The internal bore of conduit 11 is divided by a central barrier member into two spaces opening laterally at two adjacent orifices 11a, 11b, shown for purposes of illustration in the same diametral plane. Sleeve 14, which turns on conduit 11 with a minimal amount of friction, has two internal apertures 20a, 20b. Longitudinal aperture 20a provides a communication between orifices 11a, 11b. Alternately, aperture 20b may be L-shaped or transversely oblique and positioned before the plane of the drawing figure. Aperture 20b is thus capable of communicating between orifice 11b and 15b of duct 15.
When it is desired to combine the contents of cartridges 18a and 18b, duct 15, which is transversely separated relative to the axis of tube 11, is withdrawn into aperture 21, formed between the two cartridges 18a, 18b on the side of casing 19. Aperture 20a then opens a passage between valves 17a and 17b. When it is desired to spray the mixture from nozzle 15a, duct 15, comprising nozzle 15a, is rotated out of aperture 21, until duct 11 abuts against one of members 22a, 22b. At this point, valve 17b then communicates to the exterior through aperture 20b.
The dissymmetrical construction of duct 11 and its mounting serve to prevent any mistake in assembling or operating the unit. Alternately, when sleeve 14 is constructed in a symmetrical manner, it would be desirable to raise aperture 20b and 20c to a higher plane (shown in phantom) in order to obtain a structure effectively symmetrical relative to the vertical axis of the assembly. This is done so that the manner of mounting would not make any difference to the operability of the unit.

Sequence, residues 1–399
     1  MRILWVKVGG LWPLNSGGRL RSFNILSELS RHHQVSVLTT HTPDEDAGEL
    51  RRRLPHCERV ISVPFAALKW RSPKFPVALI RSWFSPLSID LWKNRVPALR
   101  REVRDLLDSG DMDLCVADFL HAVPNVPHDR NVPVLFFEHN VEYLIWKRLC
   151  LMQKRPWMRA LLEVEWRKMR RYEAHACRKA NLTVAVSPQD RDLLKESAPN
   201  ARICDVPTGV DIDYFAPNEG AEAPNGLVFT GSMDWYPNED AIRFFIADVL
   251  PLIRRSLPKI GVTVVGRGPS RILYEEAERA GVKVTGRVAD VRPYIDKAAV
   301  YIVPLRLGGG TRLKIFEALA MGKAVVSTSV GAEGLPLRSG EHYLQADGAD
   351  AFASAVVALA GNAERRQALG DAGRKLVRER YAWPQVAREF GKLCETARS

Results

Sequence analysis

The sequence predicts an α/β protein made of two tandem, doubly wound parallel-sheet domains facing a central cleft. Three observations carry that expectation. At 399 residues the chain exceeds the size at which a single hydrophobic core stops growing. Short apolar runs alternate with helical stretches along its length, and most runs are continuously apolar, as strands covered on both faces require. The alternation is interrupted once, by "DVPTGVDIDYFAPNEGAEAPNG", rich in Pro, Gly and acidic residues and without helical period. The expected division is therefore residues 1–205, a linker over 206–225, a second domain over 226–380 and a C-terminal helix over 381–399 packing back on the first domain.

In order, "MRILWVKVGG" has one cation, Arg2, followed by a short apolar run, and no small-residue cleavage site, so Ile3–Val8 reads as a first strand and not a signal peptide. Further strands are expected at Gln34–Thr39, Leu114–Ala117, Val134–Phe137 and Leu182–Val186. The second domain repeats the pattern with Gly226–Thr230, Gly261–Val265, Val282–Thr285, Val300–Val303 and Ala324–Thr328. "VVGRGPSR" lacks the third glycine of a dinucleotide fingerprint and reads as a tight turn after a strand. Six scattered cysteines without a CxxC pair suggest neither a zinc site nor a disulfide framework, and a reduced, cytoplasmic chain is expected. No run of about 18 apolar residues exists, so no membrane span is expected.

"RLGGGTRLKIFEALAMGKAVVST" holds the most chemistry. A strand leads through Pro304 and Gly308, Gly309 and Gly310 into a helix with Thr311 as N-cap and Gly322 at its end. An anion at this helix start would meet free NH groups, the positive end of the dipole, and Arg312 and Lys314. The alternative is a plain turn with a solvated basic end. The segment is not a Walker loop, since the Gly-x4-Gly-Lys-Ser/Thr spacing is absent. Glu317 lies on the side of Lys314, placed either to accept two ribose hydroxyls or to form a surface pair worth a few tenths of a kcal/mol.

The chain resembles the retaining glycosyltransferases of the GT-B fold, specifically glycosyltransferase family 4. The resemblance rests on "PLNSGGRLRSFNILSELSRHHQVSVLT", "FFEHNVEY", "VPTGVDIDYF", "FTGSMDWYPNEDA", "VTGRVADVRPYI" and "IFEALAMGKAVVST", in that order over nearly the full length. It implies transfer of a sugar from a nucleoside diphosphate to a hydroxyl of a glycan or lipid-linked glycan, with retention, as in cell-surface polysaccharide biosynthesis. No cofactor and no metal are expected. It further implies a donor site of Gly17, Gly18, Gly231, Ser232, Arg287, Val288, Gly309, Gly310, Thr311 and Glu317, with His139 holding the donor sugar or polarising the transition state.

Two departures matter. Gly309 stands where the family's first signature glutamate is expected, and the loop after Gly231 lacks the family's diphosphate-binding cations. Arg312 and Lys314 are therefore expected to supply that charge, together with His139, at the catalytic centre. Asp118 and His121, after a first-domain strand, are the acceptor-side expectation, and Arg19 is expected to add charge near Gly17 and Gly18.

In an alternate embodiment of the invention sleeve 14 is mounted in a manner such that it is capable of a sliding motion. This arrangement, however, would likely have a negative effect upon the gas-tightness of the apparatus. Alternatively, in place of a sliding sleeve arrangement, the apparatus could be provided with a push bar or member, having an axis which is parallel to those of cartridges 18a, 18b optionally controlled by elastic means such as a spring. Thus, by pressing upon the surface of the push member, the contents of cartridge 18a would be transferred to cartridge 18b. Subsequently, by pressing the apparatus once again, it could be set to spray the contents of cartridge 18b.
In a further embodiment, a tamper-proof casing may be placed on sleeve 14, optionally between the bridge member and the casing 19, providing that casing 19 is first modified to permit the introduction of cartridges 18a, 18b from below.
While it is apparent that the invention herein disclosed is well calculated to fulfill the objects above stated, it will be appreciated that numerous modifications and embodiments may be devised by those skilled in the art and it is intended that the appended claims cover all such modifications and embodiments as fall within the true spirit and scope of the present invention.
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|U.S. Classification||222/136, 222/135, 222/1, 222/145.5, 222/183, 222/402.17, 222/399|
|International Classification||B65D47/26, B65D83/14|
|Cooperative Classification||B65D83/682, B65D47/263|
|European Classification||B65D83/68B, B65D47/26D2|
|Sep 17, 1993||AS||Assignment|
Owner name: SOFAB, FRANCE
Free format text: CHANGE OF NAME;ASSIGNOR:SOCIETE FRANCAISE D AEROSOLS ET DE BOUCHAGE;REEL/FRAME:006706/0653
Effective date: 19920901
|Jun 21, 1994||REMI||Maintenance fee reminder mailed|
|Nov 13, 1994||LAPS||Lapse for failure to pay maintenance fees|
|Jan 24, 1995||FP||Expired due to failure to pay maintenance fee|
Effective date: 19941116